Two years ago, I planted some Babbington's Leek topsets similar to the ones you see on this flowerhead. They don't produce seed; garlic can be persuaded to do so, but I don't know whethre anyone has ever tried with Babbington's. this year they flowered. I got them well and truly mixed up with some elephant garlic bulbils I planted at the same time, and ended up with only four Babbington's; the two plants look very similar above ground, and even below it until the elephants get big enough to clove. Never mind; I lifted the Babbington's yesterday, and each bulb had divided into two, about 2 1/2 inches or so across. So I now have eight Babbington's for next year, plus the topsets.
It's an interesting plant, which seems to have abandoned sexual reproduction altogether. This can happen in the wild, but also happens in cultivated plants. We select for the maximum crop, and in the process, we select plants which don't put their energy into reproduction. Seed merchants, of course, push the process in the opposite direction, as they want to sell seeds, which are much easier to handle than plants. So a lot of these are now obscure heirlooms. Babbington's grows wild in a few places, on the Isle of Lundy for instance, and we don't even know whether it's a wild or a cultivated plant. It produces reasonable shanks for a lot less effort than 'normal' seed-grown leeks, so it's worth persevering with.
I put it into the new allium bed, alongside the walking onions. I have five varieties, which I acquired last year, but I'm not saying much about these until I've grown them for a year from full-sized bulbs rather than topsets. That's my excuse anyway; the bed I've had them in has been too weedy for decent pics. It was a new one, and it takes me a a year or two to get the ground elder out, digging them over between crops. So far there's not all that much to choose between the varieties, though there are recognisable differences, and I'm quite pleased with their progress so far.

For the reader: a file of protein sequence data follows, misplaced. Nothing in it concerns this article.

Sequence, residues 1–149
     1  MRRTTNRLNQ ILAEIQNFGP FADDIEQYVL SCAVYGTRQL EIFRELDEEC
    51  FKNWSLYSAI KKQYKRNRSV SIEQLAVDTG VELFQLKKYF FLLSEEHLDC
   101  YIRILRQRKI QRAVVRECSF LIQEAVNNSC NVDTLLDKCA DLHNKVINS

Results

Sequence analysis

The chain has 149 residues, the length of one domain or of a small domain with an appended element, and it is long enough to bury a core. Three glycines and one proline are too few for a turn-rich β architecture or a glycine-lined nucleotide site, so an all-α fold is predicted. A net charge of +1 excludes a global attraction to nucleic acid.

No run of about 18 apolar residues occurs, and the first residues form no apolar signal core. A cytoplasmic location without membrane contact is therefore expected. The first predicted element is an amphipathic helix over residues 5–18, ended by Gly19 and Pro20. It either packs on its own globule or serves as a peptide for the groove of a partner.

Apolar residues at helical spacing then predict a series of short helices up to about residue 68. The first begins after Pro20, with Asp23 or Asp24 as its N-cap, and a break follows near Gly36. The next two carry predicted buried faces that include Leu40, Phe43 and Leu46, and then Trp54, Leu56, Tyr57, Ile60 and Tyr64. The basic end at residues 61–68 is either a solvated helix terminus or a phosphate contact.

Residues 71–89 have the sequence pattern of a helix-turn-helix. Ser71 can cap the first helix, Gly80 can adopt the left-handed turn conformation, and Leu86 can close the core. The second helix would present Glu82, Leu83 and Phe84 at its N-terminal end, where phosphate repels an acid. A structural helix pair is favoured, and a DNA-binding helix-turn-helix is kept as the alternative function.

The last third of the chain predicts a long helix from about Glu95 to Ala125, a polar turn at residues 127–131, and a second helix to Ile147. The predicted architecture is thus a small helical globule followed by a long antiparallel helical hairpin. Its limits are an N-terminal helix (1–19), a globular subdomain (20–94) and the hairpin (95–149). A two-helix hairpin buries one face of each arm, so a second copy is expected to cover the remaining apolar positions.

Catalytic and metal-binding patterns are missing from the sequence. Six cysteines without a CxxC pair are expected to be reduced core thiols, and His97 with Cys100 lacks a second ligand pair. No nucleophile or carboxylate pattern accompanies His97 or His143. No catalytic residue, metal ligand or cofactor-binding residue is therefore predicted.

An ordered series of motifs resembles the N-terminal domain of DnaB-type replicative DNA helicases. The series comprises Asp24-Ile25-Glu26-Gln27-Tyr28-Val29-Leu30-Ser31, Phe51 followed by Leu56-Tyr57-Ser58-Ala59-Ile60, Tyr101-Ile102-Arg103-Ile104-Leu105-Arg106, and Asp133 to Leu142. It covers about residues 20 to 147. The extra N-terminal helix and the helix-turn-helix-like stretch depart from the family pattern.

I've also put in two varieties of garlic. It's very early, but it'll sit there quite happily until it decides to sprout in the autumn. It's all intercropped with dwarf beans to make the best use of space which will remain limited until I manage to build raised beds across the entire plot.
Other perennial alliums are flowering rather than making topsets. This one's yellow potato onion; they've all topples over, and this one is reclining on ulluco. I've also got flowers on white potato onion and the odd shallot, which is of course also a potato onion. I've grown some spud onions (Green Mountain) from seed this year; they were planted late, the fox dug a fair few up as soon as they were planted out, but the survivors are doing well, if not spectacularly. I've got a lot more seed which will go in early next year. This one's my best, with a bulb about 2 1/2 inches across.
I don't think there's much difference between potato onions and the ordinary sort; one has been selected to be a biennial which produces plenty of seed, the other to be a perennial which produces little or none, but reproduces vegetatively, with each bulb dividing into a clump. This has never entirely been my experience; I've always had plants flowering, though previously I've done the conventional thing and pulled the flowers off.
The problem with shallots and other potato onions is probably that viruses accumulate over the generations, leading to stunted bulbs. Raising a generation from seed breaks this, frees them from virus, and gives (or so I'm told) bigger onions. I'm going to keep experimenting with seeds, and see where I end up.
These fabulous purple blooms belong to elephant garlic and perlzweibel, a small perennial leek, respectively. the elephants, of course, are another leek, with a root which splits like garlic, and a mild garlic taste. Hopefully, more seeds to play with next year! I've no idea what sort of fertility to expect; I planted everlasting onion this year, and only got one plant, which came up after about a month. I've got a lot more seed to put in next year.